The following is either a feel-good story with some serious ethical questions . . . or a story about serious ethical questions with a feel-good flavor.
Much has been made over CRISPR, a relatively new technology that allows scientists to modify DNA, the building block of life on earth. Most of the conversation has been around genetically modified foods, and whether that’s a) healthy b) legal or c) playing god. But at least then, we were talking about food.
But as NPR reported earlier this week, U.S. doctors have begun the first trials to treat patients with genetic disorders. And an African American sickle cell patient from Forest, Miss. received an infusion of edited genes in hopes of treating her sickle cell symptoms. The procedure was performed at the Sarah Cannon Research Institute in Nashville:
“It is just amazing how far things have come,” says Victoria Gray, 34, of Forest, Miss. “It is wonderful,” she told NPR in an exclusive interview after undergoing the landmark treatment for sickle cell disease.
Gray is the first patient ever to be publicly identified as being involved in a study testing the use of CRISPR for a genetic disease.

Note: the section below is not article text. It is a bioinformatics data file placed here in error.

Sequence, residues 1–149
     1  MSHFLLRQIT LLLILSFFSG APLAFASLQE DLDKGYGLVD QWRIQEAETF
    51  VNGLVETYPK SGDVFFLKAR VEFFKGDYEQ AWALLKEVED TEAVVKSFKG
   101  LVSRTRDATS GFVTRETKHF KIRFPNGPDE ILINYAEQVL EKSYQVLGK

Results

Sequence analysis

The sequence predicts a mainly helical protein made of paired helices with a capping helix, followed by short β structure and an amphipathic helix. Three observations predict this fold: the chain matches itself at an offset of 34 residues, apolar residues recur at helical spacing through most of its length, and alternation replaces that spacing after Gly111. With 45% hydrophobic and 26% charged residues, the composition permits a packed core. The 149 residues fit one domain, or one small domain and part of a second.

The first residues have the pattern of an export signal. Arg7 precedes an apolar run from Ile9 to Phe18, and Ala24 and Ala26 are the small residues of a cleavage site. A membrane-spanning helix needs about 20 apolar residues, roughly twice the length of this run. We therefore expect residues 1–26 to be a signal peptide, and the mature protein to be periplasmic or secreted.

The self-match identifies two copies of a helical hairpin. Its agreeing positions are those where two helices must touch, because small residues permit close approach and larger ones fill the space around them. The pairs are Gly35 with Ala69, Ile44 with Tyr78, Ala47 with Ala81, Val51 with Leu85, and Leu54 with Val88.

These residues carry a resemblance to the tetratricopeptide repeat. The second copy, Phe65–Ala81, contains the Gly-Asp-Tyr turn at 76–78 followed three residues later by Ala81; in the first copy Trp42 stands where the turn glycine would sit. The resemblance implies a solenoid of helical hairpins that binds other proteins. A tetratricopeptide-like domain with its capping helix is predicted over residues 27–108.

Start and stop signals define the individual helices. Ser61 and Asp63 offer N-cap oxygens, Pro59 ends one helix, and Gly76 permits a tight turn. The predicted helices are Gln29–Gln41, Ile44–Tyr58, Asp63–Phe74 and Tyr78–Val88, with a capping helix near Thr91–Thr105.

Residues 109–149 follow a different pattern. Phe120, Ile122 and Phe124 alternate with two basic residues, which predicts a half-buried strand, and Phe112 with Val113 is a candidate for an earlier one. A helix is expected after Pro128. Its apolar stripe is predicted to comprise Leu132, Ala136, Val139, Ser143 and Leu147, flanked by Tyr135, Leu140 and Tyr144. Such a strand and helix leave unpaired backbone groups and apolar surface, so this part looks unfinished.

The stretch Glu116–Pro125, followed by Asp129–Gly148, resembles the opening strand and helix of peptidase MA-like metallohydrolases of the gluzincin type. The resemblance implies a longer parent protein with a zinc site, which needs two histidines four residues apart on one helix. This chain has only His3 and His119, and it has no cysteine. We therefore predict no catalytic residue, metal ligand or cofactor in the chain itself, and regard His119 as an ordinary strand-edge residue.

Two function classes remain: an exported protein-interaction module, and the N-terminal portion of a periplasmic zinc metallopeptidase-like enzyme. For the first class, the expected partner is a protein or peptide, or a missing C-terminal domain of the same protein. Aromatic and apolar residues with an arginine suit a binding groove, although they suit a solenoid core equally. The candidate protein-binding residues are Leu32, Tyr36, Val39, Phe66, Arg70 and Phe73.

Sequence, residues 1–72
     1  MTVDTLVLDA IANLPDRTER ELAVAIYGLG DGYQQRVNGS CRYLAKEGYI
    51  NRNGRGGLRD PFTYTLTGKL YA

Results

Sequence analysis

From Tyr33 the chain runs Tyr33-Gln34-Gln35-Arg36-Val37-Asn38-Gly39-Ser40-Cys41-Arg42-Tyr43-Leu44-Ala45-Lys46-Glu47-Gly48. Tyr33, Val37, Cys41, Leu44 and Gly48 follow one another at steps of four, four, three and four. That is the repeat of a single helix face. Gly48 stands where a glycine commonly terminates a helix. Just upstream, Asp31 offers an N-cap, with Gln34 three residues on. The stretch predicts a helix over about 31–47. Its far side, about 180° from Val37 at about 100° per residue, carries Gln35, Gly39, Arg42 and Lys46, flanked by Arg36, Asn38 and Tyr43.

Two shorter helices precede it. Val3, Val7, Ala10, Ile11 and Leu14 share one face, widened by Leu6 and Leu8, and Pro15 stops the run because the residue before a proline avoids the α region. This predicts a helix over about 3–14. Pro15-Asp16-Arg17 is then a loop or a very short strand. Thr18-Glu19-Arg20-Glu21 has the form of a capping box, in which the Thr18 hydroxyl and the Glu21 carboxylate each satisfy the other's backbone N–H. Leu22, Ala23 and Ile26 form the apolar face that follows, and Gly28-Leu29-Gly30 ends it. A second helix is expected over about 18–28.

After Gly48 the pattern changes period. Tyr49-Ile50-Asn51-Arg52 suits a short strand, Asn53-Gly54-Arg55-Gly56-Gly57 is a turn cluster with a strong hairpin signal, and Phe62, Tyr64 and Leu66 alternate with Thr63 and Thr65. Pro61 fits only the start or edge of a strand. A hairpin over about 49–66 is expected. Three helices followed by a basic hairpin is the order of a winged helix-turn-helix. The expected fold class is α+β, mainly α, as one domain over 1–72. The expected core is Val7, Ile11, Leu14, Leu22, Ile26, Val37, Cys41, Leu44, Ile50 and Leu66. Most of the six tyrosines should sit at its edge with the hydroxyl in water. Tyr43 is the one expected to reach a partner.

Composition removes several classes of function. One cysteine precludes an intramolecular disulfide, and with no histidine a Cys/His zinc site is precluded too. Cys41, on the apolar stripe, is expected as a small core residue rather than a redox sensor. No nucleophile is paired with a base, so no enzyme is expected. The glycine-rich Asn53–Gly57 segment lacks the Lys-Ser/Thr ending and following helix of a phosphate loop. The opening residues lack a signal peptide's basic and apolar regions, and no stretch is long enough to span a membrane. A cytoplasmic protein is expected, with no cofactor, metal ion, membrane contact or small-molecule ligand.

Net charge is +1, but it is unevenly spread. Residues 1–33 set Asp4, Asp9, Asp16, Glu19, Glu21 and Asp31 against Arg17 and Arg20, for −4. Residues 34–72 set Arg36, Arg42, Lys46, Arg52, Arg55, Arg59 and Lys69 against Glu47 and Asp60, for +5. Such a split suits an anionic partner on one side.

“I always had hoped that something will come along,” she says from a hospital bed at the Sarah Cannon Research Institute in Nashville, Tenn., where she received an infusion of billions of genetically modified cells. “It’s a good time to get healed.”
But it probably will take months, if not years, of careful monitoring of Gray and other patients before doctors know whether the treatment is safe and how well it might be helping patients.
Sickle cell affects millions of people around the world. About 100,000 are in the U.S., and most of them, like Gray, are African American. A genetic defect causes bone marrow to produce a defective protein that makes blood cells that are sickle-shaped, hard and sticky. The deformed cells get stuck inside blood vessels and don’t carry oxygen normally, causing a host of debilitating and, often, eventually life-shortening complications.
“It’s horrible,” Gray says. “When you can’t walk or lift up a spoon to feed yourself, it gets real hard.”
So where does the conflict come in? Some people question the ethics of CRISPR, indicating that in principle, it raises murky questions. If you could ‘custom design’ your child, should you do it? Or, if you could edit out a gene that increases your child’s risk for cancer when they’re 50, should you do it?
Then again, to see a brown face from small-town Mississippi as a beneficiary of this science . . . that’s a big deal. And I can’t help but wonder what Dr. Trevor Thompson, founder of the Sickle Cell Foundation of Tennessee, would think if he were with us.
Thompson, died from sickle cell complications in 2016, but was a champion for those with the disease until death. If CRISPR represents a possible end to the pain that sickle cell patients deal with, it’s extremely hard to ignore.
If you have sickle cell or know someone who does, do yourself a favor and spend seven minutes with this audio clip from NPR. It’s really good!